Ten trick words that sound the same in Russian and English
For an Englishman, a “store” doesn’t mean a place to go shopping for groceries, just as for an American a cartridge is not ammunition. Having met with a foreigner on vacation abroad, you can easily understand each other exactly the opposite, although it seems to you that you use the simplest words possible, write Thinneries.ru.
10 words that sound the same in Russian and English, but have different meanings.
Lunatic and Lunatic
Do not call an American friend a sleepwalker, even if he walks at night - he will be offended. The thing is that the English word lunatic is translated into Russian as "crazy, crazy." The person walking in a dream is designated in English as sleepwalker ("walking in a dream"). The horror film according to the scenario of Stephen-guess-with-what-name will not let lie.
Episode and Episode
In Russian, the word "episode" means an excerpt or a separate scene, not a completed work, while the English episode is a full-fledged episode of the series. True, recently, an “episode” in the meaning of “series” has been taking root with us, primarily due to the popularity of series.
Baton and baton
In French, baton is a stick. In Russia they adopted this word and, for some similarities in form, they called it so oblong bread. In turn, the British, borrowing the same baton, called it so not a wheat rifled at all, but ... a police baton. Well, or a conductor’s stick.
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Routine and Routine
For us, routine is following a familiar pattern, something performed mechanically. In England and the USA, routine is the usual routine of life, without a hint of dullness. Example: My morning routine has to inspire me, which translates as "My morning routine should inspire me."
Caucasian and Caucasian
It is not necessary to be born in the Caucasus in order to hear Caucasian in your address in English-speaking countries, because all people of European appearance are called by this word. For example, this word can be indicated in the questionnaire if you want to indicate ethnicity (for example, when making an appointment with a doctor).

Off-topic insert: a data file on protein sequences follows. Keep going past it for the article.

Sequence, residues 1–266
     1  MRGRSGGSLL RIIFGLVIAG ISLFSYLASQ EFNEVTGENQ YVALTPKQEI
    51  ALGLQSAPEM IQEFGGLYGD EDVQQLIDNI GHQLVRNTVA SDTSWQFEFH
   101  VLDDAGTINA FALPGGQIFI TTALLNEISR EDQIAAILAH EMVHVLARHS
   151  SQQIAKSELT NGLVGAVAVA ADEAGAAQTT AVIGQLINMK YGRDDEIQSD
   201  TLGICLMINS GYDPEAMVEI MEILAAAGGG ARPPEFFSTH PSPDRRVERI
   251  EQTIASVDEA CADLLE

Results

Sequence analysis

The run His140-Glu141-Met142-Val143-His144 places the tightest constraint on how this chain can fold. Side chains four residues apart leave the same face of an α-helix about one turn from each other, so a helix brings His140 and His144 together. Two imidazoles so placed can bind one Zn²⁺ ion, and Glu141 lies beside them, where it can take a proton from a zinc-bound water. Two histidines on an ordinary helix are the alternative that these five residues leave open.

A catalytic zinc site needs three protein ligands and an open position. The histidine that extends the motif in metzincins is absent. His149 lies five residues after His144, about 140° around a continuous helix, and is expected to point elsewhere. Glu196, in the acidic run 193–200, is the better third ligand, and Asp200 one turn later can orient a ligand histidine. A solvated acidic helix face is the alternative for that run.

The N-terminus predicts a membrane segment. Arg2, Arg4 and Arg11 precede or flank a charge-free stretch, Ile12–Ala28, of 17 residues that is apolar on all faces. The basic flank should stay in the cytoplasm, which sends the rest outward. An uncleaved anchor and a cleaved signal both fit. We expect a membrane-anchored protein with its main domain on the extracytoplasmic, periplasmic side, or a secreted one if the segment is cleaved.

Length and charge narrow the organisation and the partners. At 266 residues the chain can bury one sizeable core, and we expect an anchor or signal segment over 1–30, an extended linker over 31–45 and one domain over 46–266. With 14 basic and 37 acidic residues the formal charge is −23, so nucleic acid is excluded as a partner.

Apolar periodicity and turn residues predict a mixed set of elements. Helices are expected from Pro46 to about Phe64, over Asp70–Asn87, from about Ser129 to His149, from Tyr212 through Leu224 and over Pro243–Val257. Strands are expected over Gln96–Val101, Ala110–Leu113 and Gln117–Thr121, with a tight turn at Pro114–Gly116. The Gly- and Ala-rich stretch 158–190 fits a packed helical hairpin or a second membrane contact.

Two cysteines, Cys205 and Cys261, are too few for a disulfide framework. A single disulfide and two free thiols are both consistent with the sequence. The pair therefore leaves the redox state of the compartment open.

Self-taught translators, for example, from among those who are in a hurry to translate the newly released series of popular TV shows (so that their voice acting is the very first), they still translate Caucasian with enviable regularity on the basis of “how it is heard and written”. Sometimes causing the viewer indescribable surprise when he sees on the screen the next "Caucasian" with the appearance of Mads Mikkelsen.
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Shop and Magazine
Once abroad, the Russians may well say: “I'm going to the magazine.” But they will understand such a phrase completely wrong, because magazine in English is a magazine. If you want to shop, say store. Well, or shop.
Student and Student
Even with such a seemingly simple word, confusion may arise, because the English speakers use student not only for students of universities or colleges, but also for schoolchildren. So do not be surprised if you hear that an 8-year-old child is also a student.
Decade and Decade
This word is confused even by translators. In both Russian and English, the term was borrowed from Greek, where deka is “ten”. The catch is that in Russia the “decade” most often means ten days, while in the English decade it is always 10 years.
Patron and Patron
Having heard the English patron, do not rush to strain: it is not about ammunition at all. In the USA or England, this word refers to a regular customer or sponsor who is ready to support something financially. Well, in French le patron - and even the boss or boss.
Expertise and Expertise
This term came from the Latin expertus (experienced) and in Russian was fixed as the name of the process of developing an expert assessment or conclusion. In English, expertise is the designation of the expert opinion itself. Example: He has considerable expertise in Russian history - “She has extensive knowledge in Russian history.”